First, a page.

To facilitate maintaining network configurations between nodes, FlexRay committee standardized a format for the storage and transfer of these parameters in the engineering process. The Field Bus Exchange Format, or FIBEX file is an ASAM-defined standard that allows network designers, prototypers, validaters, and testers to easily share network parameters and quickly configure ECUs, test tools, hardware-in-the-loop simulation systems, and so on for easy access to the bus.

The FlexRay communication cycle is the fundamental element of the media-access scheme within FlexRay. The duration of a cycle is fixed when the network is designed, but is typically around ms. There are four main parts to a communication cycle: The smallest practical unit of time on a FlexRay network is a macrotick. FlexRay controllers actively synchronize themselves and adjust their local clocks so that the macrotick occurs at the same point in time on every node across the network.

While configurable for a particular network, macroticks are often 1 microsecond long. Because the macrotick is synchronized, data that relies on it is also synchronized.

Illustration of a static segment with 3 ECUs transmitting data to 4 reserved slots. The static segment, represented as the blue portion of the frame, is the space in the cycle dedicated to scheduling a number of time-triggered frames. The segment is broken up into slots, each slot containing a reserved frame of data.

When each slot occurs in time, the reserved ECU has the opportunity to transmit its data into that slot. Because the exact point in time is known in the cycle, the data is deterministic and programs know exactly how old the data is. This is extremely useful when calculating control loops that depend on consistently spaced data. Figure 3 illustrates a simple network with four static slots being used by three ECUs.

Actual FlexRay networks may contain up to several dozen static slots. Illustration of a static slot with ECU 2 missing. Most embedded networks have a small number of high-speed messages and a large number of lower-speed, less-critical networks.

To accommodate a wide variety of data without slowing down the FlexRay cycle with an excessive number of static slots, the dynamic segment allows occasionally transmitted data. The segment is a fixed length, so there is a limit of the fixed amount of data that can be placed in the dynamic segment per cycle. To prioritize the data, minislots are pre-assigned to each frame of data that is eligible for transmission in the dynamic segment.


Higher priority data receives a minislot closer to the beginning of the dynamic frame. Once a minislot occurs, an ECU has a brief opportunity to broadcast its frame.

If it doesn’t broadcast, it loses its spot in the dynamic frame and the next minislot occurs.

If the dynamic frame window ends, then the lower-priority minislots must wait flexgay the next cycle for another opportunity to broadcast. Dynamic slots illustration showing ECUs 2 and 3 broadcasting in their minislots and leaving no time for the lower-priority minislots. Figure 5 shows Basiics 1 broadcasting in its minislot since the first 7 minislots chose not to broadcast. ECU 1 must wait for the next cycle to broadcast.

The Symbol window is primarily used for maintenance and identification of special cycles such as cold-start cycles. Most high-level applications do not interact with the symbol window. The network idle time is of a pre-defined, known length by ECUs. The ECUs make use of this idle time to make adjustments for any drift that may have occurred during the previous cycle.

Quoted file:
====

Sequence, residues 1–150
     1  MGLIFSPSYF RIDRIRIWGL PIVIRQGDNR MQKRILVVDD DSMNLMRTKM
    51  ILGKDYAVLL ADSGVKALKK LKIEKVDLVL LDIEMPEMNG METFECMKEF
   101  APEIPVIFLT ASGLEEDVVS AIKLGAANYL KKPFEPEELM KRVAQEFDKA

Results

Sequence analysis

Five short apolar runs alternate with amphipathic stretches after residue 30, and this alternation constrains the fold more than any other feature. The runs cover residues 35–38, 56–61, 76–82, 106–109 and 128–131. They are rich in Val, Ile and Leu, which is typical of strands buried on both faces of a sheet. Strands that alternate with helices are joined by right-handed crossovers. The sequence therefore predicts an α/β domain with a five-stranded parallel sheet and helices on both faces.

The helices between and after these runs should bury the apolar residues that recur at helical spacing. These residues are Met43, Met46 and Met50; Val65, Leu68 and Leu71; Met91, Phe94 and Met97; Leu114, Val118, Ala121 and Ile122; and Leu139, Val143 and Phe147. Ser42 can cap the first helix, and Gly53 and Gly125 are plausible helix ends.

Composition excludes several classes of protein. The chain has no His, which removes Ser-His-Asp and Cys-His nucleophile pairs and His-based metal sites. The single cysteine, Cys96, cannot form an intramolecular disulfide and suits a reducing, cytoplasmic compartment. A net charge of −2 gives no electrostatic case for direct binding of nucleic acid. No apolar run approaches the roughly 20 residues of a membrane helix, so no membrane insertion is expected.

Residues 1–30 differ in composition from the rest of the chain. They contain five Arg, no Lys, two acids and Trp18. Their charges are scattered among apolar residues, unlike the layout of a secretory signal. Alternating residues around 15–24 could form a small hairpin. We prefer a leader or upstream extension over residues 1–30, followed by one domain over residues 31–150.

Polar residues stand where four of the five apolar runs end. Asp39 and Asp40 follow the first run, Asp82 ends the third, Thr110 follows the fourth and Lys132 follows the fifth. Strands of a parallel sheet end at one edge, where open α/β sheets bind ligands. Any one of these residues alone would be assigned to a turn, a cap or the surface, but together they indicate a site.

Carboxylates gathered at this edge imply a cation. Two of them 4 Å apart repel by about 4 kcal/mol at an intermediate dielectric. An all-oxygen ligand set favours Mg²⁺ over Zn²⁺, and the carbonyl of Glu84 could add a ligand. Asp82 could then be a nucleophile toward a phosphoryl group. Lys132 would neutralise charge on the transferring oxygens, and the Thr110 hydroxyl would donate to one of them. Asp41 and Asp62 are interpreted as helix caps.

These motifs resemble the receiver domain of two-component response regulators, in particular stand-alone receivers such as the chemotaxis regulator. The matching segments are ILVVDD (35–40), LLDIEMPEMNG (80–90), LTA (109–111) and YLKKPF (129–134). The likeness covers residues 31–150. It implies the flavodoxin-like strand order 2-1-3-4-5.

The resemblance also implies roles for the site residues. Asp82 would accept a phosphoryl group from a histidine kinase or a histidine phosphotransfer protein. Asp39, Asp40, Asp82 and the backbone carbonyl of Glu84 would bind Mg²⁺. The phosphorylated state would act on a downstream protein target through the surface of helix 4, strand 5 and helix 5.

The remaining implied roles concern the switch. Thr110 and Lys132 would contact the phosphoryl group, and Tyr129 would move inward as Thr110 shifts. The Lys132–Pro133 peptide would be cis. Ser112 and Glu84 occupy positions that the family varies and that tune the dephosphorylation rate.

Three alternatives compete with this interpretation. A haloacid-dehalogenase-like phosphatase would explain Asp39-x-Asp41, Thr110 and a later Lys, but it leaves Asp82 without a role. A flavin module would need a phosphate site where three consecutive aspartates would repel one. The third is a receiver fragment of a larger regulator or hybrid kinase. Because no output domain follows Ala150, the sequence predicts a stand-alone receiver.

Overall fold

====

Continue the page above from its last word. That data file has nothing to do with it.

The FlexRay network provides scalable fault-tolerance by allowing single or dual-channel communication. For security-critical applications, the devices connected to the bus may use both channels for transferring data.

However, it is also possible to connect only one channel when redundancy is not needed, or to increase the bandwidth by using both channels for transferring non-redundant data. Within the physical layer, FlexRay provides fast error detection and signaling, as well as error containment through flexrray independent Bus Guardian.

The frame is divided into three segments: Header, Payload, and Trailer. The Frame ID defines the slot in which the frame should be transmitted and is used for prioritizing event-triggered frames.

The Payload Length contains the number of words which are transferred in the frame. The Header CRC is used to detect errors during the transfer. The Cycle Count contains the value of a counter that advances incrementally each time a Communication Cycle starts. The payload contains the actual data transferred by the frame.

The length of the FlexRay payload or data frame is up to words byteswhich is over 30 times greater compared to CAN. FlexRay data is represented in bytes. Flexraj applications require data to be represented in real decimal values with units, scaling, and limits. When you take one or absics bits or bytes from a FlexRay frame, apply a scaling and offset, you get a signal that is useful for communicating actual parameters between ECUs.

Bsaics ECUs programs work with FlexRay data as signals and leave the conversion of signals to raw frame data up to the driver or lower-level communication protocols.

A typical vehicle has hundreds to baskcs of signals. This makes writing programs for FlexRay networks easier as designers can simply refer to the signal name in the code.

Simplified Synchronization process of a FlexRay network. FlexRay has the unique ability to sync up nodes on a network without an external synchronization clock signal. To do so, it uses 2 special types of frames: Startup Frames and Sync Frames. To start a FlexRay cluster, at least 2 different nodes are required to send startup frames.

The action of starting up the FlexRay bus is known as a cold-start and the nodes sending the startup frames are usually known as cold-start nodes. The startup frames are analogous to a start trigger, which bascis all the nodes on the network to start.